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Nikon announced its newest mirrorless camera Z50

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Nikon announced its newest mirrorless camera, the Nikon Z50. Sporting a host of advanced features at an aggressive $860 price ($1000 including lens), the Z50 is Nikon’s attempt to reclaim some of the pocket-sized ILC market that Sony, Fuji, and Canon gobbled up

The Z50. The Z50 features a 21MP BSI CMOS APS-C sensor (similar to what’s on the D500) with on-sensor phase detection. Unlike the Z6 and Z7, the Z50 does not have in-body image stabilization.

Despite being a smaller and lighter camera than the Z6/Z7, the Z50 doesn’t feel cheap, and is weather-sealed to some degree. It has a downward-tilting 3.2″ touchscreen display, 2.36M-dot OLED EVF and pop-up flash. Its single SD card slot supports high-speed UHS-II media while its Micro USB port allows for in-camera battery charging. The Z50 uses the new EN-EL25 battery, with an estimated battery life of around 300 shots per charge.

Apart from a smaller sensor, the other thing that loses the Z50 compared to the Z6 and Z7 is Nikon’s excellent image stabilization. The new lenses offer vibration reduction (image stabilization), but the IBIS in Nikon & # 39; s more expensive mirrorless cameras provided some brilliant, sharp photos when I was viewing them. Apart from the technical challenge of pressing that stabilization into the smaller housing of the Z50, it would also have increased the price of the camera.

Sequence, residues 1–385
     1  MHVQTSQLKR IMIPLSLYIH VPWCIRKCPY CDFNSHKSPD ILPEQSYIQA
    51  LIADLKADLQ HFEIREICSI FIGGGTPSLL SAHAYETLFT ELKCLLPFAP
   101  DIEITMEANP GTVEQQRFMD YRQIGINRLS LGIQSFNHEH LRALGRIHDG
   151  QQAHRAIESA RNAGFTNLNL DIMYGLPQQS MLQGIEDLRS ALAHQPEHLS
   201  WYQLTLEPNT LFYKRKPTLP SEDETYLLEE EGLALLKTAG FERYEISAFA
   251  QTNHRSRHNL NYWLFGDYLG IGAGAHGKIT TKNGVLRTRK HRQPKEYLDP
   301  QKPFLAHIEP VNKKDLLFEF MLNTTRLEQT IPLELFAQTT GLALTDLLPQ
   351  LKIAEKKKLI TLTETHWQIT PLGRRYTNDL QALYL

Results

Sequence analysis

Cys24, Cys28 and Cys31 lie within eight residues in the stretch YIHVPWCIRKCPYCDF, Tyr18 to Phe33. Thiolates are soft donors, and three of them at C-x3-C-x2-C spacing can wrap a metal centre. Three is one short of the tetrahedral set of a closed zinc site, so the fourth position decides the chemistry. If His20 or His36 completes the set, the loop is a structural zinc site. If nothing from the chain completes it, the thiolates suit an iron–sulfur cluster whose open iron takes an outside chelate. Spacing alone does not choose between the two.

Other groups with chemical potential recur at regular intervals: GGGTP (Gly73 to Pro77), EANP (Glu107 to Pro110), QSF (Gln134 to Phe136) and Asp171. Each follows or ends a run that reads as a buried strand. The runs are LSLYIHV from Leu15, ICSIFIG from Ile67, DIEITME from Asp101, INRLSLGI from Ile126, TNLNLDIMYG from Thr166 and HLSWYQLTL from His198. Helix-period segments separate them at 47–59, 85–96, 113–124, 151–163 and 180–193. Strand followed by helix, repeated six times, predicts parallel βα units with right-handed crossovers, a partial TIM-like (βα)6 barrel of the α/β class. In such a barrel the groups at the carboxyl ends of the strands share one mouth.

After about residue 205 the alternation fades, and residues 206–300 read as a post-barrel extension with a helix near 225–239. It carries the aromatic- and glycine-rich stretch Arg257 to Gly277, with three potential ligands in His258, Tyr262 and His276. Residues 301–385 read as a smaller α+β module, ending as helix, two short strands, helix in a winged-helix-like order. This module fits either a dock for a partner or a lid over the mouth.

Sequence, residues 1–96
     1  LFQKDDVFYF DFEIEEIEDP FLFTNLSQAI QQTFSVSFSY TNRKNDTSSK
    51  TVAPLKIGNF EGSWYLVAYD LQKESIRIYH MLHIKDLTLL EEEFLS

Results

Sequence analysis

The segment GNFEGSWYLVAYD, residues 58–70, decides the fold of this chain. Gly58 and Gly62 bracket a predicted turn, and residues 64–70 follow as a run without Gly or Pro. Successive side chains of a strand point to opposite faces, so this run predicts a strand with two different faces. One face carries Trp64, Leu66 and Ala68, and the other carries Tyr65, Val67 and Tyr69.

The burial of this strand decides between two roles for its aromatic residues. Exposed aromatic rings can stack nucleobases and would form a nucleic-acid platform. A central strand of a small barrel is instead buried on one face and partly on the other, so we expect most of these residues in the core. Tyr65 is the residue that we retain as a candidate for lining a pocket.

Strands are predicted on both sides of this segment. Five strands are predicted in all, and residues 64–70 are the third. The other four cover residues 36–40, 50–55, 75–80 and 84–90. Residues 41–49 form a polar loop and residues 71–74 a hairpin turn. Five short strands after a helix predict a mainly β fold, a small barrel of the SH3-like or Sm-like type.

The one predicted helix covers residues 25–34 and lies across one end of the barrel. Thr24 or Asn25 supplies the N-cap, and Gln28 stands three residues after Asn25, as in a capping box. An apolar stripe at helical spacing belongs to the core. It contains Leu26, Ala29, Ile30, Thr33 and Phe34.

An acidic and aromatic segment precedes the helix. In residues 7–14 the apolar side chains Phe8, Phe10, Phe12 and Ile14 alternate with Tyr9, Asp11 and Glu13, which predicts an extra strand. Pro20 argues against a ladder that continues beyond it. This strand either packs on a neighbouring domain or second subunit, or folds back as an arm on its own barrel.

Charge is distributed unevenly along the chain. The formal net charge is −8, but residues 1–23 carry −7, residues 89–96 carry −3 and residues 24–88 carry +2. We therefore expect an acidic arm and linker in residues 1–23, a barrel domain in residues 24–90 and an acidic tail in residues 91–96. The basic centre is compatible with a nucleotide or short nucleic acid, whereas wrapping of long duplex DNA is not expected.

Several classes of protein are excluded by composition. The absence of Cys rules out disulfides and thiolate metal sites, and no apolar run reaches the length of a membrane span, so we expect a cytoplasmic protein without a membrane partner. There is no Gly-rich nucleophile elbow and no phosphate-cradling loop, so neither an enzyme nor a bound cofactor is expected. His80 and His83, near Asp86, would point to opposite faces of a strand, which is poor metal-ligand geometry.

At the other end of the spectrum, Nikon also announced that it will soon be releasing its 58 mm f / 0.95 S Noct lens for the Z holder. The company calls this manual focus glass one of the best lenses it has ever produced – and certainly the fastest.

Corona

Maha’s Covid-19 deaths stay high, recoveries improve

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Maharashtra’s Covid-19 deaths remained on the upswing, staying past the 100-mark although new infections dropped and recoveries improved, health authorities said on Friday.

The state reported 127 deaths, taking up the toll to 47,599, while new infections remained above the 5,000-mark with 5,229 fresh cases taking the tally to 18,42,587.

While 11 of the state’s 36 districts reported fatalities – and all reported new infections – the bulk of deaths came from the Mumbai-Pune regions.

The state recovery rate improved from 92.07 per cent to 92.81 per cent – while the mortality rate stood stable at 2.58 per cent.

Another chunk of 6,776 fully recovered patients returned home – taking the total number discharged from 17,03,274 to 17,10,050 till date – against the 83,859 active cases.

Of the new deaths, Pune again led the state with 25, while there were 16 in Ahmednagar, 14 in Mumbai, nine in Nagpur, eight each in Thane, Sangli, and Osmanabad, five in Aurangabad, four each in Satara and Bhandara, three each in Nashik, Solapur, Jalna, Chandrapur, and Gadchiroli, two each in Parbhani, and Latur, and one each in Raigad, Ratnagiri, Hingoli, Akola, Amravati, Yavatmal, and Buldhana.

Mumbai, remaining in the sub-50 fatality range for over a month now, saw its toll climb to 10,945 now, while fresh cases remained below the four-figure mark, with 813 new infections took its total to 284,509.

Mumbai circle (MMR) saw 23 new deaths, pushing up the toll to 18,625 and with another spike of 1,672 new infectees, the total cases shot up to 636,877.

Pune circle recorded 32 fatalities and the death toll rose to 10,898, while the daily infections increased by 1,062 to 460,110 cases now.

Meanwhile, the number of people sent to home quarantine decreased to 547,504, while the number of those in institutional quarantine also went down to 5,567.

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